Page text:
In light of our loss, a desperate search was launched and we talked to breeders far and wide and finally found a pure bred registered Navajo Churro ram not that far away in Wisconson to bring to Absent Jack Acres for the 2012 breeding season.
Pictured here with 4 months wool growth.
He has a tougher look about him but I can bet he has all the right qualities with some color in there to make it interesting.
Vente' is a 5 year old Badge face red maned ram. And he is lovely!!
After a long drive from WI. Vente is settled in with the rest of the boys here and aclimating himself to the water, food and surroundings which none will be on his mind on the weekend of October 27th when he will be introduced to the ewe's so he will turn on the charm.
Lambing season 2013 is looking very promising and we feel we have a winner in this seasoned ram to do the job.
All because of Julie Kenefick in River Falls, WI. who blessed us by selling this proven ram to us. We are over joyed to have him to take the lead spot in our Navajo program. Thank You Julie!!
Please keep checking back for updated photos, stories and short tails of our adventures here. Some good and some sad but they are make life interesting.
PYGMY BUCK - 2013 Kidding season is going to be BRIGHT With a welcome to Nebraska McLovin & Vinney
We now have a NPGA Registered Pygmy Buck on site. Westsun Pygmies Regal McLovin now belongs to Absent Jack Acres and will be covering the majority of our does for 2013 kidding season.
McLovin comes to us from Teesha Lee at WestSun Pygmies in Utah. The show quality buck has 2 Grand Champions and 2 Reserve Grand Champions under his belt. This is one well built guy.
Then we have Vinney, a miniture silky. Unregistered but absolutly adorable to say the least. We will be using him on some of our first time mothers and the long hair girls to see if they produce.
We are looking towards 2013 and I am sure there will be an abundant crop of kids for you to select from in the spring.
As always our goal has always been to Go SMALL or don't go at all but we have diversified some to meet the demands and requests from so many. Personally we like them built right from the ground up, clean lines bright eyes and just enough attitude to make it fun.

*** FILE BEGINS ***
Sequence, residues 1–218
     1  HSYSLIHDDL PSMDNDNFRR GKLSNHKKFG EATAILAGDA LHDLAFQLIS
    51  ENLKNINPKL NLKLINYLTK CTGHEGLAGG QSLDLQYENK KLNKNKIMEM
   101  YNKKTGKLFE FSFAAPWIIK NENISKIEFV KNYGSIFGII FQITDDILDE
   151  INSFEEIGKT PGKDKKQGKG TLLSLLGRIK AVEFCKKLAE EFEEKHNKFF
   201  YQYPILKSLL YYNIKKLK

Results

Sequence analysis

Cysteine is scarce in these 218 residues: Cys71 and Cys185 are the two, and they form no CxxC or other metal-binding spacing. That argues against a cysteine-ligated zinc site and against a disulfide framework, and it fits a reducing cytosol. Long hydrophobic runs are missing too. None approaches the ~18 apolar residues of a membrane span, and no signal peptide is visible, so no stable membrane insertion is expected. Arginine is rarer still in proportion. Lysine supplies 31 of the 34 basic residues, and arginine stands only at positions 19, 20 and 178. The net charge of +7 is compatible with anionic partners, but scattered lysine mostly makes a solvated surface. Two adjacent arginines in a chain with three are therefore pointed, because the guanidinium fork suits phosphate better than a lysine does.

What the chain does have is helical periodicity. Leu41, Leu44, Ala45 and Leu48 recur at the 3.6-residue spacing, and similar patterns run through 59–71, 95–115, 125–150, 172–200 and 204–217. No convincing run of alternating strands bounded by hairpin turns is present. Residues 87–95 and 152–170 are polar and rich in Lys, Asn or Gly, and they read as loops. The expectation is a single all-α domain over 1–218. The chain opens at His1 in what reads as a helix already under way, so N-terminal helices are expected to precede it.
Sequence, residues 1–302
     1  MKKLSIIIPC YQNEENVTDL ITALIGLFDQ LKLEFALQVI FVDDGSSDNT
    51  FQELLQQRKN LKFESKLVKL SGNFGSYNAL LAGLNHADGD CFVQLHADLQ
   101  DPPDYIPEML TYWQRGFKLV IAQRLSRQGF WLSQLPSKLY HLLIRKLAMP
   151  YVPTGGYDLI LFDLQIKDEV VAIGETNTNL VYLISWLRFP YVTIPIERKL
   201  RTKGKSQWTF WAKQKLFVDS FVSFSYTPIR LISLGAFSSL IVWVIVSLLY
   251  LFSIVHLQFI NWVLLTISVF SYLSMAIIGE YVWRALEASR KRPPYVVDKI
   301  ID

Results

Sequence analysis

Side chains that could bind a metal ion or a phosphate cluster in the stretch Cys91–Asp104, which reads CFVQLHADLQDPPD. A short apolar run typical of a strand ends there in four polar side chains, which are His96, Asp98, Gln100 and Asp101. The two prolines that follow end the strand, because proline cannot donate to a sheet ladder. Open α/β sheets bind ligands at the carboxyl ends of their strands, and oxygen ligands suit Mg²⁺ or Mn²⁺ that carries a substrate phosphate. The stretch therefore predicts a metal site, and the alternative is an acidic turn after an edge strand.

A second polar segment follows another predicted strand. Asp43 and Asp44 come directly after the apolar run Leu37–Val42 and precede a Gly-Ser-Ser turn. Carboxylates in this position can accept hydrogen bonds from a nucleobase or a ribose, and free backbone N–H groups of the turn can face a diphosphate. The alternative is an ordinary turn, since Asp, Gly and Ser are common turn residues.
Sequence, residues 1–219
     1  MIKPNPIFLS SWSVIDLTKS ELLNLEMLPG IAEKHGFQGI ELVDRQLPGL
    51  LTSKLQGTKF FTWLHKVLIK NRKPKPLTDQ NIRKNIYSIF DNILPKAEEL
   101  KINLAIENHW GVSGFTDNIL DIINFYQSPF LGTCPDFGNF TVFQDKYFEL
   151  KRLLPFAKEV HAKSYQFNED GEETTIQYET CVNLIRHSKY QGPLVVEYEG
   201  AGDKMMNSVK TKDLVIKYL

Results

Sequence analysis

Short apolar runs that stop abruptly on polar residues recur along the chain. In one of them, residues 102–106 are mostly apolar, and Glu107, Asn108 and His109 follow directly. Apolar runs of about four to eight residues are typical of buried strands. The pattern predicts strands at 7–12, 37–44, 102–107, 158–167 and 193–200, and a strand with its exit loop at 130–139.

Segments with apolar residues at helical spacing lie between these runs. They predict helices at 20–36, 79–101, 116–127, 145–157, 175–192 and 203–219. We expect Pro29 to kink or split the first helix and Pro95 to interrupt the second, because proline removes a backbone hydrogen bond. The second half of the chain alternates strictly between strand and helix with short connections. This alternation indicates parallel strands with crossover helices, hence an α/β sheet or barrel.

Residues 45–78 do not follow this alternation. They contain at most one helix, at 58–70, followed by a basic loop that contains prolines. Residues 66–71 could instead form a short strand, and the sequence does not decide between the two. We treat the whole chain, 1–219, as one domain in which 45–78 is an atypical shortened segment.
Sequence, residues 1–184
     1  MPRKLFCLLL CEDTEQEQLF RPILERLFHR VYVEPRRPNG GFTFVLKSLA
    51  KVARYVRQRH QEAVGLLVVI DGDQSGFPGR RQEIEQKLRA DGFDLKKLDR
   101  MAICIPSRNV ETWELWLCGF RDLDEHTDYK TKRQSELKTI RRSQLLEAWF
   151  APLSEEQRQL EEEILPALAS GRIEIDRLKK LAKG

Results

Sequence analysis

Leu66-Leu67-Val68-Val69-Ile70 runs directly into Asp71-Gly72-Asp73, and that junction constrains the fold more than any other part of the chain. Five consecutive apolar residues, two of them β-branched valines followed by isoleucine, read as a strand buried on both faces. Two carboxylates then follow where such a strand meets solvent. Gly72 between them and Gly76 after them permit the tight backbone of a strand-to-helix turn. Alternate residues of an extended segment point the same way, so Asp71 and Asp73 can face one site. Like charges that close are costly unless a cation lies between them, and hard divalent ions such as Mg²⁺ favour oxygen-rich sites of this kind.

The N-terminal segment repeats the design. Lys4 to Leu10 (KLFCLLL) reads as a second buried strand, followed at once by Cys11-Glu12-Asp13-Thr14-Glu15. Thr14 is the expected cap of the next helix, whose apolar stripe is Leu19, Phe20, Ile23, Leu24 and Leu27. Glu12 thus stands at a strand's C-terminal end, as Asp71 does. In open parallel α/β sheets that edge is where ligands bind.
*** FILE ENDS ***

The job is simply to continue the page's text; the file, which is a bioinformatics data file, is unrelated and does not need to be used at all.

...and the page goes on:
Our Primary herd offers, small and compact. Our second string is more diverse and will give us both taller and a little longer bodied goats. What ever pleases your eye, I thikn we will have one for you.
A complete photo album of the Does will be added soon so you can start thinking about who you want to be the mother or your kids. (that sounds funny).
Stay tuned to see which Buck or Bucks we decide on to cover our girls for 2013. Kidding season will be a wild one again!
Hair Sheep are gaining ground in the United States
With the popular movement strengthening in the direction of the hair sheep breeds because of their exceptional flavor and some breed having the low maintenance shedding wool genetics; the Katahdin and Dorpers are truly leading the pack. Along with offering the low maintenance hair sheep breeds lead the flock when it comes to the taste test studies conducted by several universities.
The hair sheep breeds superior taste and quality cuts of meat can be attributed to the extremely low amount of lanolin in the wool, hide and skin. Lanolin seems to permeate the skin and offer a somewhat wild or unpleasing flavor and aroma in the meat of wool breeds that is not found with hair breeds.
As a child I recall the displeasure of the lamb served, the smell alone was not something I want to rush to the table for. However with our Navajo Churro sheep; which is one of the heritage breeds. I can enjoy a tremendous amount of flavor, pleasant cooking aroma and beautifully lean cuts of lamb like I never thought I would even enjoy. It is still a sheep but it is nothing like what I remember.
Aside from the Katahdin and Dorper breeds; you need to consider other hair breeds raised here in the
Not all hair sheep shed their wool like the Katahdin and Dorpers; some breeds do require shearing annually at a minimum. Breeds such as Icelandic Sheep, Shetland Sheep and Navajo Churro’s are fine examples of hair sheep that require shearing. They too contain the very low lanolin content in the wool, hide and meat.
All of which are found here in the United States and are available to you in nearly every state in a range of prices either by the pound or by the head.
To be a breeder of any of the hair breeds is a window to the future and to be one that enjoyed a beautiful cut of meat on their plate, you really need to find a local supplier or breeder and try a hair breed; you will thank me for the recommendation. Honestly.